GIVEN INFORMATION:
Suction height = 2m
Discharge height = 3m
Flow rate (air) on suction side of pump = 600 m^3/hr
Volume of tank = .95 m^3
Atmospheric Pressure = 101325 Pa
Density of water = 1025 kg/m^3
Acceleration of Gravity = 9.81 m/s^2
Area of Hoses = .051 m^2

FORMULAS:
Boyle’s Law: P1V1 = P2V2
Bernoulli’s Equation: V1^2/2 + P1/d + gZ1 = V2^2/2 + P2/d + gZ2
Force: F = m * a = P * a

CALCULATIONS:
Pressure Required To Start Moving the Water Columns:
By using the sum of forces acting on the water column I get (Note: the area of the hose cancels across the equations):

P(suction) = P(atm) – d * h(suction) * g = 101325 Pa – (1025 kg/m^3 * 2 m * 9.81 m/s^2) = 81214 Pa

P(discharge) = P(atm) + d * h(discharge) * g = 101325 Pa + (1025 kg/m^3 * 3 m * 9.81 m/s^2) = 131491 Pa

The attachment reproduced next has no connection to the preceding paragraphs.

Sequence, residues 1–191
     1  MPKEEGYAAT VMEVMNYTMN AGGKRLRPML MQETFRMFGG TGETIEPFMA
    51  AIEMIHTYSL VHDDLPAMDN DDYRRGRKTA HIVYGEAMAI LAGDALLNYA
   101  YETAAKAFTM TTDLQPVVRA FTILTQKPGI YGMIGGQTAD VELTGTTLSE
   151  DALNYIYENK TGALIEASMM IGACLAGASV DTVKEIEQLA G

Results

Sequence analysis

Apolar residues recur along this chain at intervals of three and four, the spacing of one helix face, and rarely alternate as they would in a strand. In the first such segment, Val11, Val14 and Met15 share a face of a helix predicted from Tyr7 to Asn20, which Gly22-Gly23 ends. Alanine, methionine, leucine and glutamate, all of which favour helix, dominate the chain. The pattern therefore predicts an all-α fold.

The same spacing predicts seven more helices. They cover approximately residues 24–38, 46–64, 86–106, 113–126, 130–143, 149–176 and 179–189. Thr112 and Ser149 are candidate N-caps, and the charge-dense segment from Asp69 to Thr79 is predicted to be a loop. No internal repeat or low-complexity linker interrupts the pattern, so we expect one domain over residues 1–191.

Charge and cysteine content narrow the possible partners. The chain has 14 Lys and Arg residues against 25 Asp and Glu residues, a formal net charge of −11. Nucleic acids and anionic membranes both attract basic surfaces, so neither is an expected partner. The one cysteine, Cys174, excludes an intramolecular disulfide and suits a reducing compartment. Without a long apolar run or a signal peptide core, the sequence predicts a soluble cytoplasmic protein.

Boyle’s Law Method:

V1 = (P2/P1)V2 = (81214 Pa / 101325 Pa) 600 m^3/hr = 481 m^3/hr

Time to fill the tank = .95 m^3 / 481 m^3/hr *3600 s/hr = 7.1 sec this time ignores the time needed to create the vacuum in the tank.

Here’s where it gets a little tricky, as I actually have two tanks. One is filling while the other is empting. Because I am only using one pump P1 for the discharge volume has to be based on the vacuum required for the suction height.

V2 = (P1/P2)V1 = (81214 Pa / 131491 Pa) 600 m^3/hr = 371 m^3/hr

Time to empty the tank = .95 m^3 / 371 m^3/hr *3600 s/hr = 9.2 sec this time ignores the time needed to create the pressure in the tank.

The times needed to build the vacuum and pressure required are easily calculated using The Ideal Gas Law (PV=nRT) and can be added to the above times.

Bernoulli’s Equation Method:

V1^2/2 + P1/d + gZ1 = V2^2/2 + P2/d + gZ2